Regal House Publishing’s “That’s My Story” initiative seeks to introduce our writers and poets in a more unconventional way. We have supplied our authors with a significant number of unusual questions that pertain to the writing craft, and to various questions of a literary hue (some humorous, some a little twisted!), and others that we thought might be of interest to our audience. Each author selects and answers five, and of those five, Regal staff select two to three of the most delectable to be featured in our “That’s My Story” narrative. So each installment will feature a new author or poet, answering a unique set of questions that offer intriguing insight into their particular approach to the literary craft. While we had fun coming up with a slew of unorthodox questions, we also invite you, at the bottom of the page, to submit your own. What questions do you have that you would like Regal House authors and poets to answer? Let us know, and we will add them to our questionnaire.
So join us, connect with us, and tell us about your own literary story.
How do you think translation affects a story?
I love to study how languages intermingle and shed parts of themselves into each other as they, and we, evolve. Translations are especially hard and yet exciting as so many concepts have no precise translations. Gemuetlichkeit is translated as “coziness” or some such, but languages are so deep and complex, they contain so much more than literal meanings. This word also is suggestive of a sense of acceptance and comfort one finds in social acceptance, or can be evocative of atmosphere. Rhyming slang contains marvelous nuance, the meaning of which can be difficult to convey concisely within a novel but adds significant depth and texture. One might hear in London: “Don’t step on the pickles,” where the speaker wants you not to step on his newly scrubbed stairs, so he says pickles so you may substitute pears, rhyme it with stairs and get his message. I love language interactions! Poetry and plays and dialogue spring naturally from such word plays.
What’s next for me?
Everything. Old and gray and full of sleep at seventy-eight, each day is new. Even old stuff is new—an old piece becomes a new piece with any new reading. I always have multiple things in the hopper and work on each as the spirit moves. A sticky poem where the scansion and tropes don’t work, an old play finding a new twist, a new “if, then” experience, a new problem to be worked out, all can be variations for new themes.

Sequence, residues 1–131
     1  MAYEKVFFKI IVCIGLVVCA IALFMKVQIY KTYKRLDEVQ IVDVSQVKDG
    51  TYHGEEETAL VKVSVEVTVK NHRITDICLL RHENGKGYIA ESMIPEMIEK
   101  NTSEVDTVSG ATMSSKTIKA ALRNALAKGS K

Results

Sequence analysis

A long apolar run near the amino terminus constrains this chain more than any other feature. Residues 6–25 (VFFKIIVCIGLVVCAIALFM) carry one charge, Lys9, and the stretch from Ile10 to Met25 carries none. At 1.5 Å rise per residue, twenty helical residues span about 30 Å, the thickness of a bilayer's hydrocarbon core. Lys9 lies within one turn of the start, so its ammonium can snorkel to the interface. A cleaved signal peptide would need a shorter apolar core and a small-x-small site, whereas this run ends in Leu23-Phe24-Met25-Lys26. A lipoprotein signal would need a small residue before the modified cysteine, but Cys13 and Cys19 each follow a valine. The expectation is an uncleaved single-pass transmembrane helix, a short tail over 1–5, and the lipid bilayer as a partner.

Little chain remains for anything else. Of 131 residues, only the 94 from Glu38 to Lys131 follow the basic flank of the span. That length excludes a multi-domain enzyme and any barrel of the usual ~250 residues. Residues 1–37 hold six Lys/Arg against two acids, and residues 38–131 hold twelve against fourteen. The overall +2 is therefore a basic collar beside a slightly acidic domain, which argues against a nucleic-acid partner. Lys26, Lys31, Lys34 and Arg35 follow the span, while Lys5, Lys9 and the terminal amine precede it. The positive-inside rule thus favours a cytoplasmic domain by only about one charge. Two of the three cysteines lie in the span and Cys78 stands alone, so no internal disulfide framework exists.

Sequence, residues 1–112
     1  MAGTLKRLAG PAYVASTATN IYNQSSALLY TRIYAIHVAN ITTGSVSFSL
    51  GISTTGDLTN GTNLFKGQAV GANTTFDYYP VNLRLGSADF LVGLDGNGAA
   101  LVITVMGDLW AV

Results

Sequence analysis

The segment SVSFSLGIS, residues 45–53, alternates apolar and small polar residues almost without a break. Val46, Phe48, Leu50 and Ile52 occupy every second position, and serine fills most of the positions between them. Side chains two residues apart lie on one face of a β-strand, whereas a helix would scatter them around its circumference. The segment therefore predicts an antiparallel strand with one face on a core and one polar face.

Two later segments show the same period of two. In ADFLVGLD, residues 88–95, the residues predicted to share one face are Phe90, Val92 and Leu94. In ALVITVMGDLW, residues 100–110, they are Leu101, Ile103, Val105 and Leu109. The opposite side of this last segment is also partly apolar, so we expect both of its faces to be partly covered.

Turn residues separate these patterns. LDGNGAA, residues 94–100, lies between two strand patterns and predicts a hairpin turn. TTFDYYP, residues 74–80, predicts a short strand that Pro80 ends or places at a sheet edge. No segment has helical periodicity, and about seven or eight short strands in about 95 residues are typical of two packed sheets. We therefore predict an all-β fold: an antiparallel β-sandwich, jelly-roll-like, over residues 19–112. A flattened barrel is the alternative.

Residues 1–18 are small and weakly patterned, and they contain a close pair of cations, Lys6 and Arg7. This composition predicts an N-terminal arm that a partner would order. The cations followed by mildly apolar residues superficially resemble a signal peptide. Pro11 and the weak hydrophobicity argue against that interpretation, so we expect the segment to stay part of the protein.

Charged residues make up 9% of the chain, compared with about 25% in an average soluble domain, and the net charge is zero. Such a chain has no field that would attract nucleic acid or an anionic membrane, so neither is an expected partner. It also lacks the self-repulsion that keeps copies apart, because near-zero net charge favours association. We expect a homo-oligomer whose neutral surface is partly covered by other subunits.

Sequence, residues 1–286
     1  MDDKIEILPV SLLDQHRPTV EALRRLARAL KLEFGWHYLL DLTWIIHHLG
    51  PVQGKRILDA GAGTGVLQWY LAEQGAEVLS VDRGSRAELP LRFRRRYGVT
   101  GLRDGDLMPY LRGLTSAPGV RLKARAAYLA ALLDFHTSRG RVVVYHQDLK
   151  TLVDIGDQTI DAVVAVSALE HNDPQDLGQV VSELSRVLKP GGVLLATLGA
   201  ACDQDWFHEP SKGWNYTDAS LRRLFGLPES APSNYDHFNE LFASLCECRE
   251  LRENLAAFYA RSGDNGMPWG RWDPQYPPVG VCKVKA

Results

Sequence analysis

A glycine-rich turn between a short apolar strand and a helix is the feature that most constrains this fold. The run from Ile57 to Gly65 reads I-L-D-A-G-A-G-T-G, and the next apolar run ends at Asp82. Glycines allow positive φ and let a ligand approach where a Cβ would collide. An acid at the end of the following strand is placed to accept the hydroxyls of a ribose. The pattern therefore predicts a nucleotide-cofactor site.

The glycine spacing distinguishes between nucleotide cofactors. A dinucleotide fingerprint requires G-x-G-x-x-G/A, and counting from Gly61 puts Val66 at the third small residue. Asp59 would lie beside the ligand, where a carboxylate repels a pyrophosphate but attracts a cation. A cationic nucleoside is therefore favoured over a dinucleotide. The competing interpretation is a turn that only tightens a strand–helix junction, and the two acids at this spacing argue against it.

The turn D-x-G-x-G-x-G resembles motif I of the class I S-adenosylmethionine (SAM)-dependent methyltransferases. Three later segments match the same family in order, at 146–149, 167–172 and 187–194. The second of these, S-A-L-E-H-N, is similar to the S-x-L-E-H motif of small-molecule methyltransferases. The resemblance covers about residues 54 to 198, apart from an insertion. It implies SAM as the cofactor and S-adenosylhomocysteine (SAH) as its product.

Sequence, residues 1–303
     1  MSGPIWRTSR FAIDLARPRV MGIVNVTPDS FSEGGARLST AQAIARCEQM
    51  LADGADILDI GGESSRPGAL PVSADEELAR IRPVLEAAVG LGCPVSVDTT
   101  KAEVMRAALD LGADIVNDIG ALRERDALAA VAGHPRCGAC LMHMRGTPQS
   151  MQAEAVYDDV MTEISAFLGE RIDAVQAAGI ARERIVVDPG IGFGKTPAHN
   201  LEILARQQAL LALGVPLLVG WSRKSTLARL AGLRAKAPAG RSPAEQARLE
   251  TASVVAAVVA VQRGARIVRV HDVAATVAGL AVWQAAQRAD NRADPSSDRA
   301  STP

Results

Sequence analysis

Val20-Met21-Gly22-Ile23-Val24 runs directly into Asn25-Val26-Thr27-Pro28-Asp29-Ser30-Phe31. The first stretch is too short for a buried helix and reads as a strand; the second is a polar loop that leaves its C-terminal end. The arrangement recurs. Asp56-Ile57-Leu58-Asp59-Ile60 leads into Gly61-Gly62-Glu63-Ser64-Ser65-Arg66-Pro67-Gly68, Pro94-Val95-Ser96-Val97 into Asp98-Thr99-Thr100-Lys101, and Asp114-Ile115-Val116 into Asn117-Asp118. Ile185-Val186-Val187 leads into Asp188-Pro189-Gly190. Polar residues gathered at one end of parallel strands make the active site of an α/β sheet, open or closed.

False Bottom, a work on which I am currently engaged, deals with lives in the deep scattering layer of the oceans where many midwater animals rise and fall thousands of meters in a daily cycle tied to the sun cycle. I am examining, poetically, how the lives of these folks interact with each other while making their strange ascents and descents.
So an old man’s world is ever full. Each day he works and learns and imagines, and once in a great great while, when the baseball gods agree with all the others, he may send something off for others to see.
The Nudibranch Elegies and Anthropocene’s End made it to Regal House Publishing after trying many places, and may see the light of day come November—if the gods behave; each day is wait and see.
What do you read that people wouldn’t expect you to read?
Everything. Math, science, old authors, new authors, history, engineering, especially books and papers from other countries, languages and times. Books filled with ideas such as Calvino’s Invisible Cities. Kawabata’s novels, Robert Musil’s Man Without Qualities, and for me especially Ford Maddox Ford’s Parade’s End and the Good Soldier, all help me cope with today’s world.
What’s your process for writing: do you outline, create flow charts, fill out index cards, or just start and see where you end up? Do you use the same process every time?
Ideas come and go. Some stay and grow, and a few become iconic. Ones that remain do so for a reason. Find the reason. In mulling, new ideas come and attach themselves to others over time.
This part of the process can never be forced. What comes is what comes of its own will, often after periods of rest. The newly becoming idea swirls around and grows strange over and over, but parts lose themselves and others stay. Those that stay become catalysts for new pieces.
A character of mine, Moabit Bird, says it thus: “As long as I stay ignorant and don’t judge, I can learn new things when looking out into the world. I don’t know where I’m going, what I’m going to see or meet, so I must open myself. Then I may learn what reality is.”
Be a part of our ongoing “That’s My Story” initiative. Do you have questions you would like featured? Want to share your own literary story? We would love to hear from you!